Holidays are often seen as a good time to place school age children, enabling them to begin a new term or half-term in their new school, and providing the opportunity of a period of uninterrupted relationship building with the new family. Whilst this should not be ruled out completely, experience shows that placements which are made at the start of school holidays (especially the long summer holidays) can significantly increase stress in the early days of the placement. Having no natural respite, which the routine of school naturally allows, can create additional pressures for both children and adults at a time when the relationship is still in its infancy. It can also create difficulties if or when the parent has to return to work.

Term-time introductions on the other hand can be helpful as the child has the stimulation they need during the day. Parents can then concentrate on evenings and weekends to build relationships.

Whilst the child’s education is important, the priority in the early days of placement must always be to enable the child and prospective adopters to start building their relationship in circumstances which are the most conducive to achieving this.

  5.1.10 The prospective adopters should be encouraged to keep a record (diary/photos) of the introductions for the child’s Life Story Book.
  5.1.11 Prospective adopters should be advised to plan everyday, commonplace activities during introductions and avoid introducing the child to a variety of new people too quickly. The child needs to identify the prospective adopters as the primary attachment figures, and this can be dissipated by having too many adults involved too quickly.

Sheila Byrne, writing in the CoramBAAF Good Practice Guide “Linking and Introductions” says:

“There is a degree to which introductions will always be artificial and the real work will not begin until placement and beyond. Yet these are life-changing events for those involved and it is important that while acknowledging the limitations, introductions are managed sensitively and efficiently. This is a critical first step for both child and family and the long-term implications are immense”.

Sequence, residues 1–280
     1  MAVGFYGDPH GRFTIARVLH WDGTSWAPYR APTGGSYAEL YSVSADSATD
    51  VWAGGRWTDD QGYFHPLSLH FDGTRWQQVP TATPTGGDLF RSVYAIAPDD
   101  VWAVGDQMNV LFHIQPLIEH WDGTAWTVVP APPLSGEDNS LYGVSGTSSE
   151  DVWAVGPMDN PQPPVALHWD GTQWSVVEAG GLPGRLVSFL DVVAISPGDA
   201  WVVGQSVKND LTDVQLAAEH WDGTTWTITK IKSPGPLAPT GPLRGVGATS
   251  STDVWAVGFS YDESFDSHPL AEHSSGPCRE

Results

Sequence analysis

Timescales and Constraints


Before setting a timetable it is important to be aware of any factors that might impact on the timing and design of introductions. Examples of this might be:

  • Holiday plans of foster carers or social workers’ leave arrangements;
  • Setting placement date to coincide with school terms or holidays (see 5.1.9 above);
  • Prospective adopters’ adoption leave or work plans.

Realistically, there will often be influences or pressures which will have some bearing on the planning of introductions. It is essential, however, that this does not result in rushed or precipitate action which may be detrimental to the child and prospective adopters, and which in turn could compromise the stability and potential of the placement from the outset.


Sheila Byrne (Linking and Introductions, CoramBAAF) writes:

“Disruption experience as well as research (Lowe et al, 1999, Thomas et al, 1999) shows that both children and adopters often feel that placements have been made too hurriedly”.


The approximate duration of introductions will be shaped by the unique circumstances of each child, including their age, developmental stage and understanding and whether they are being placed with siblings. As general guidance, however, the following may be useful:

Caption: introductions
Age of Child Period of Introductions
0-6 months 3-4 days intensive introduction
6-18 months 7-10 days intensive introduction
18 months-2 ½ years 10-14 days intensive introduction
2 ½ - 5 years 2 weeks intensive introduction
Over 5 years Minimum of 2 weeks, which is likely to be staggered, but normally placed within a month.
Caption: Planning part 2

Give extra time to planning introductions for siblings. If siblings have been previously placed together, it is usual for their introductions to take place jointly. If they have been living separately, careful consideration should be given to the pros and cons of staggering the introductions. Issues to consider will include: